# Simple harmonic motion period with velocity defined

• PeterRV
In summary, the period of a simple harmonic motion (SHM) is given by T=2π√((A^2-L^2)/vL)), where A is the amplitude, L is the distance from equilibrium, and vL is the speed at that point. By substituting the values of x and v from the equations for SHM, it is possible to relate them and solve for the period. This can also be done using the conservation of energy equation, resulting in a formula for k that includes the mass, speed, and amplitude of the motion.

## Homework Statement

A mass m is sliding back and forth in a simple harmonic motion (SHM) with an amplitude A on a horizontal frictionless surface. At a point a distance L away from equilibrium, the speed of the plate is vL (vL is larger than zero).

## Homework Equations

What is the period of the SHM?

## The Attempt at a Solution

a_x=-kx/m -> vX= (-kx^2)/(2m)
k = (-vX*2m)/(x^2)
T=2π*√(m/k)=2π*√(m/((-vX*2m)/(x^2))
T=2π√((-x^2)/vX))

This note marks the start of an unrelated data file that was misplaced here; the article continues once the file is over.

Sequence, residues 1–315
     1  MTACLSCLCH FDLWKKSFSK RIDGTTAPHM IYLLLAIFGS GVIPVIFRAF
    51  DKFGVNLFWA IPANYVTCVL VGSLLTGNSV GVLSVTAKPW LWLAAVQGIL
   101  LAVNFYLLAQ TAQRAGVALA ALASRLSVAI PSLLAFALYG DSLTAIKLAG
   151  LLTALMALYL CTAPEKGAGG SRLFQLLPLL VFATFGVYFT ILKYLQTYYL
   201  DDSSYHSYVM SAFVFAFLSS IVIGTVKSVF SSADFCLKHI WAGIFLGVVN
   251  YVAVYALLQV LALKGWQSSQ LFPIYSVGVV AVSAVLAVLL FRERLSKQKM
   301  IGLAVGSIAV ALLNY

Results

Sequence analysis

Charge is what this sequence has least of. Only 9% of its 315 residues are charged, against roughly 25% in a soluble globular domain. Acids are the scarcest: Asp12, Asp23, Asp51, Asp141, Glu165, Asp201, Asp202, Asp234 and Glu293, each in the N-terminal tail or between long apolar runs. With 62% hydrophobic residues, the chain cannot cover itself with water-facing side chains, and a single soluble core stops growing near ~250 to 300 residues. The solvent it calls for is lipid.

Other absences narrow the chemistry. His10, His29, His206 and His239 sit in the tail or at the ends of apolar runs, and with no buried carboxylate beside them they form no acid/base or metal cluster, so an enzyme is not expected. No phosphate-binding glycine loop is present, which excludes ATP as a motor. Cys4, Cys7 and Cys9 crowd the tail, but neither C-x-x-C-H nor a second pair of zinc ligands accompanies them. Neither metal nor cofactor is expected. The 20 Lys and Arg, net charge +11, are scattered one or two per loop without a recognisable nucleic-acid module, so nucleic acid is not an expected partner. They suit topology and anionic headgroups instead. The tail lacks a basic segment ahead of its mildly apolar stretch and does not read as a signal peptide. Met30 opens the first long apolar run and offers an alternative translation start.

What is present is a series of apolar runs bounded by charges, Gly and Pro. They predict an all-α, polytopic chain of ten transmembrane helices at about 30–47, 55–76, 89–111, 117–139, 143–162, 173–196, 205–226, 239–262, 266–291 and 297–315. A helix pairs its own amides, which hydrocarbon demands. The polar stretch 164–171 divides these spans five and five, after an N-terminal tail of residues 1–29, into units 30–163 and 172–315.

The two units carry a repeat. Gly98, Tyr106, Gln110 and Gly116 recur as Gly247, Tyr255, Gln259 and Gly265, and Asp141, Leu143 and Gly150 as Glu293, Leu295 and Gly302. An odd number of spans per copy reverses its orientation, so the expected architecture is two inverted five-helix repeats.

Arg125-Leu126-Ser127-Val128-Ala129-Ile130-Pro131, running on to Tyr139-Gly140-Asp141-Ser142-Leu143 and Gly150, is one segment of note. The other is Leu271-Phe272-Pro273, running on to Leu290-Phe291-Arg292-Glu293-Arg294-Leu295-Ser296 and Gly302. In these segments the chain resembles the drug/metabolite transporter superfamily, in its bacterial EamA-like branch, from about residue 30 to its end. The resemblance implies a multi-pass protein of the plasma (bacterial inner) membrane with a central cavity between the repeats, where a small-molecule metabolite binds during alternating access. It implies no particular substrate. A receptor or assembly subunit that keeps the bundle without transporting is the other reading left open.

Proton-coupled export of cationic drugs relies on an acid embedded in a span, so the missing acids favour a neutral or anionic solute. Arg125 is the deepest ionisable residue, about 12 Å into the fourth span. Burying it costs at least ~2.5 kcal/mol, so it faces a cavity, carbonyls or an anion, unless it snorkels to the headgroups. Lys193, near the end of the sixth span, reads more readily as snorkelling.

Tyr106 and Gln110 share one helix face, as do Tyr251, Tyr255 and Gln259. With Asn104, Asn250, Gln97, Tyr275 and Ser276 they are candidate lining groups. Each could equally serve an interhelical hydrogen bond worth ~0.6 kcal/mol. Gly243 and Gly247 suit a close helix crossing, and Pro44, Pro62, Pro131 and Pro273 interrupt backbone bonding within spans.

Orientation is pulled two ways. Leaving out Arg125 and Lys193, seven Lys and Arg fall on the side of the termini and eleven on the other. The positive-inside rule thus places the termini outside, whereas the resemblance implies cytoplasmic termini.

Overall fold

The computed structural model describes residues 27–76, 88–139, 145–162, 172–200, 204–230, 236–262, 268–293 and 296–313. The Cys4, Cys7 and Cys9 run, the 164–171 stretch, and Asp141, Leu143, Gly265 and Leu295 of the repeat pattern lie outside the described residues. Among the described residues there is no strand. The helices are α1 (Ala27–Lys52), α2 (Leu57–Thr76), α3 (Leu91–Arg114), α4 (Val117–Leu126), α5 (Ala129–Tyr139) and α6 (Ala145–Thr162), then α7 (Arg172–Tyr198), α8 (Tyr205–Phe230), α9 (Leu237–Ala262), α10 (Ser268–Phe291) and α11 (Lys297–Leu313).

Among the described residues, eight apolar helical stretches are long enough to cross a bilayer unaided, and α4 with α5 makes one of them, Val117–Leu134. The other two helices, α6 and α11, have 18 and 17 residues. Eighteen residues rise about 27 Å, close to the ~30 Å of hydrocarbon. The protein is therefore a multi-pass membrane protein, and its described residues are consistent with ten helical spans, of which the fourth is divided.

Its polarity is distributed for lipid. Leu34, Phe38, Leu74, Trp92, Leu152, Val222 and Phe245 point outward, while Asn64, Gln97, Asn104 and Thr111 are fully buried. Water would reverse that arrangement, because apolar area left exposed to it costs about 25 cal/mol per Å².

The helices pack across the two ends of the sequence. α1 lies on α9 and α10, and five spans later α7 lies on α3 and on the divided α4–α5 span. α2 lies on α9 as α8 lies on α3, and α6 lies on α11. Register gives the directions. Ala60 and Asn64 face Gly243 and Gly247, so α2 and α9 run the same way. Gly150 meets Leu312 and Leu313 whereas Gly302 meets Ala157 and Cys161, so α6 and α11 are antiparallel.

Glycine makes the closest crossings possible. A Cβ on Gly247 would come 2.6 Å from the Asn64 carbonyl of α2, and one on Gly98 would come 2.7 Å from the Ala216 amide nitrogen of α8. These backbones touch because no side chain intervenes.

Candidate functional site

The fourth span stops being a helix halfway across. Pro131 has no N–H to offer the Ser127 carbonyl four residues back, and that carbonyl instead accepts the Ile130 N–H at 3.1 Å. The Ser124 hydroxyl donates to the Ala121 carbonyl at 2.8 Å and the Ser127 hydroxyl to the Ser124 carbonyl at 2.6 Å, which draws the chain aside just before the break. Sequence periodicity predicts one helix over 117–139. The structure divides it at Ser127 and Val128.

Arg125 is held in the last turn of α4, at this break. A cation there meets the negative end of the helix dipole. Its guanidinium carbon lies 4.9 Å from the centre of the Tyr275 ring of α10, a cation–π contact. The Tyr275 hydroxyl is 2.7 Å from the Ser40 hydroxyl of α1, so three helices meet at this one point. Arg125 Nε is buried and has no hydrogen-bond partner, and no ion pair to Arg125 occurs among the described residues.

Filling in point at distance L from equilibrium, I get:

T=2π√((-L^2)/vL))

The correct answer is T=2π√((A^2-L^2)/vL)), but I cannot imagine where the A^2 comes from.

Any help is appreciated!

For simple harmonic motion,
x=Asin(wt+Φ)
and v=dx/dt = Awcos(wt+Φ)

Can you try relating x and v somehow?

erisedk said:
For simple harmonic motion,
x=Asin(wt+Φ)
and v=dx/dt = Awcos(wt+Φ)

Can you try relating x and v somehow?

Yes, x=∫vdt, or is that not what you meant with relating x and v?

Nope, I meant try substituting the value of (wt+Φ) from the first equation into the second one.

erisedk said:
Nope, I meant try substituting the value of (wt+Φ) from the first equation into the second one.
I am terribly sorry, but my native language is not English and I do not know what you mean with the value of (wt+Φ). I do not have the frequency in the data?

(wt+Φ) = arcsin(x/A)
What is cos(wt+Φ)?
After figuring out cos(wt+Φ), substitute it into v=Awcos(wt+Φ). You'll get an expression that relates x and v.

Ik think you have to apply conservation of energy, it will result in:
1/2*k*L^2 + 1/2*m*v^2=1/2*k*A^2
k =(m*v^2)/(A^2 -L^2)